“I hope that my legacy is that my belief in my students propelled them to heights they had dreamed of,” Walker says of his 32 years with Thornton. “I did my best to recruit the best possible class of flutists, and I love their universal hunger to become professional flutists and teachers. The central goal for me was to lead the students to the highest possible standard in making a special, personal sound and to be expressive and communicative in a high-pressure, performing situation.”
Of his approach to teaching, Walker says, “I always tried to encompass a mixture of fundamental elements, solo repertoire and orchestra music. I always tried to be 100% supportive of every student and 100% honest about their strengths and weaknesses.”
USC Thornton School of Music Dean Robert Cutietta says Walker’s commitment to educating the next generation of professional flutists is a testament to the skill and passion that propelled his own storied recording and performance career.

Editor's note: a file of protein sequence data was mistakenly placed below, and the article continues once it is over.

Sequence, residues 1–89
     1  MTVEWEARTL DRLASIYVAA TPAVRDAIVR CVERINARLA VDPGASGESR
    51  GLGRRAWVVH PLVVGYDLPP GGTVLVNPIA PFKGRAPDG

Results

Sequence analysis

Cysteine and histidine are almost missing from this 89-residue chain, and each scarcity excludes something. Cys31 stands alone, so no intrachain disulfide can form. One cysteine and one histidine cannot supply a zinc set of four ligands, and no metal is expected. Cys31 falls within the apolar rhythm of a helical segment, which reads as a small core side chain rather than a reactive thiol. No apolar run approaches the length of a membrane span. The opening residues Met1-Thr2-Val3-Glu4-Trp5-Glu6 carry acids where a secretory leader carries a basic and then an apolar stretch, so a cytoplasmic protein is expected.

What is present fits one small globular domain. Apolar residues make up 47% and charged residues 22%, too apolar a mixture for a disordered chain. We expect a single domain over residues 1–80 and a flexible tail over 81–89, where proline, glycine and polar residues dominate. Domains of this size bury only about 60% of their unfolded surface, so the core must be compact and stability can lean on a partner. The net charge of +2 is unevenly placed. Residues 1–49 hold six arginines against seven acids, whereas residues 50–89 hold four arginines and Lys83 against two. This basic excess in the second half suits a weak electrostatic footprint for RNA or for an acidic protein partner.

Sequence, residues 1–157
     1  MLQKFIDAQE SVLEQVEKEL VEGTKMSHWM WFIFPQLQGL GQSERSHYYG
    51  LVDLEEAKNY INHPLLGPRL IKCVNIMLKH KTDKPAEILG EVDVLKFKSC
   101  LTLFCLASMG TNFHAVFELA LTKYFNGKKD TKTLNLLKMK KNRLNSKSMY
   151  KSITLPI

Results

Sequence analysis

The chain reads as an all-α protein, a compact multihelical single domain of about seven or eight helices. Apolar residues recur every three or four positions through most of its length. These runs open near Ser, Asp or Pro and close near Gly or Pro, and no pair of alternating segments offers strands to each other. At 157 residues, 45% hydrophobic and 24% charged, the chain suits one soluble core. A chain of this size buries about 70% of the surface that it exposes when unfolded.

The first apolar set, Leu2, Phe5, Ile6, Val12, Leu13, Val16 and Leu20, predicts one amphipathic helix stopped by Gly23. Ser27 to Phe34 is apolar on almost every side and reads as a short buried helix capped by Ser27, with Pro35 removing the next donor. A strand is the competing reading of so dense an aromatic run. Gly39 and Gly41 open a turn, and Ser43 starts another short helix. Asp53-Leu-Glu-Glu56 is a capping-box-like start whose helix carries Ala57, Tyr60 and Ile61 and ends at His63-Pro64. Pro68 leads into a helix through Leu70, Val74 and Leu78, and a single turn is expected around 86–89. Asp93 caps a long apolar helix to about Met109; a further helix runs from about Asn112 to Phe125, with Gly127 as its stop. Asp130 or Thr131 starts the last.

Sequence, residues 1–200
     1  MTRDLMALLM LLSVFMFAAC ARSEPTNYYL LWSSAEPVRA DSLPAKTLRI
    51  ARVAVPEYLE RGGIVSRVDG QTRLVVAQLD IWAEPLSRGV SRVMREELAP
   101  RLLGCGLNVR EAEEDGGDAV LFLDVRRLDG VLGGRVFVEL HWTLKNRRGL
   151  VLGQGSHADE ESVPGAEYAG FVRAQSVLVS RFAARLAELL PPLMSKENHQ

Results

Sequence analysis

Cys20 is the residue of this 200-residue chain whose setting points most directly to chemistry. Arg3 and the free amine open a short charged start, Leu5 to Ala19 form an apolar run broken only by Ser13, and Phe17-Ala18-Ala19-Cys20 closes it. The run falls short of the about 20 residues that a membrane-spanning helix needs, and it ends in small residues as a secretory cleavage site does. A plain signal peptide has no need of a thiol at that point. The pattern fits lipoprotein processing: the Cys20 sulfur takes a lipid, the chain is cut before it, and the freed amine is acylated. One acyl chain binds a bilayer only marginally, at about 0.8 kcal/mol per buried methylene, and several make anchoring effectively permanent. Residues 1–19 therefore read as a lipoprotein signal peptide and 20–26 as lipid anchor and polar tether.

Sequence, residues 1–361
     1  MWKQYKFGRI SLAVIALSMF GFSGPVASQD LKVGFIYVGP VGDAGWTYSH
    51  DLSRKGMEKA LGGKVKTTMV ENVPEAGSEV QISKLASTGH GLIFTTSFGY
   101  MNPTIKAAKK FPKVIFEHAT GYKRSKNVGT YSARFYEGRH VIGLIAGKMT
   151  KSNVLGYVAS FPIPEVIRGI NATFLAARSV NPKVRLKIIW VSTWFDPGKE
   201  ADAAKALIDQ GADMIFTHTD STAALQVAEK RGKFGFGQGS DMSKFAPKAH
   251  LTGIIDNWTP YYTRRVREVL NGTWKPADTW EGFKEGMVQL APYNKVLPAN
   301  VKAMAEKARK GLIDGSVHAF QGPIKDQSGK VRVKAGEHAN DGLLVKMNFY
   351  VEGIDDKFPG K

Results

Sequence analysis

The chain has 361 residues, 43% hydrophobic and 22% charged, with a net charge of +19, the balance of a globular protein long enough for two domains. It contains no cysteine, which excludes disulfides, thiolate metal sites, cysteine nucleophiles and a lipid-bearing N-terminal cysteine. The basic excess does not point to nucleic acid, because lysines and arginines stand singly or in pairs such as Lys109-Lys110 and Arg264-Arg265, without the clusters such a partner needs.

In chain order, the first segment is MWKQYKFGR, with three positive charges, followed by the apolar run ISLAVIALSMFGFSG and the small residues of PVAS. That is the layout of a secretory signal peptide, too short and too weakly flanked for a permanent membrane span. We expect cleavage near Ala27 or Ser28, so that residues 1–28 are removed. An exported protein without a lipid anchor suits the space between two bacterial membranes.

“Jim Walker is among that class of musician-educators who have the ability to not only push the envelope of their own playing but translate those skills to the classroom so that musicians who come after him benefit from his expertise and experience,” says Cutietta. “He leaves a wonderful legacy at Thornton in the remarkable alumni he has helped train over the years.”
Walker takes pride in the fact that his students have built successful careers in a multitude of ways, from playing in orchestras around the world to leading as arts administrators. Without a doubt, his distinguished career set an example.
“The fact that I was so fortunate to have this career sends a signal to my students that a fairly normal guy can have unexpected successes with a lot of hard work, some well-placed talent and a lot of good breaks,” he says.
After five decades of teaching, Walker says he never wants to give it up entirely and plans to continue teaching in some capacity.
When he retires, USC Thornton students will remain in good hands. Catherine Karoly joined the Thornton faculty last year. She has been with the Los Angeles Philharmonic for 25 years, serving nearly half that time as associate principal flute. And, of course, she has known Walker for years.
“It is truly an honor to continue the legacy that Jim Walker has established at USC,” Karoly says. “Through his high standards, integrity and genuine nature, he has molded hundreds of students and grand-students who have made a huge impact in the flute world. I couldn’t be more thrilled to follow in his path.”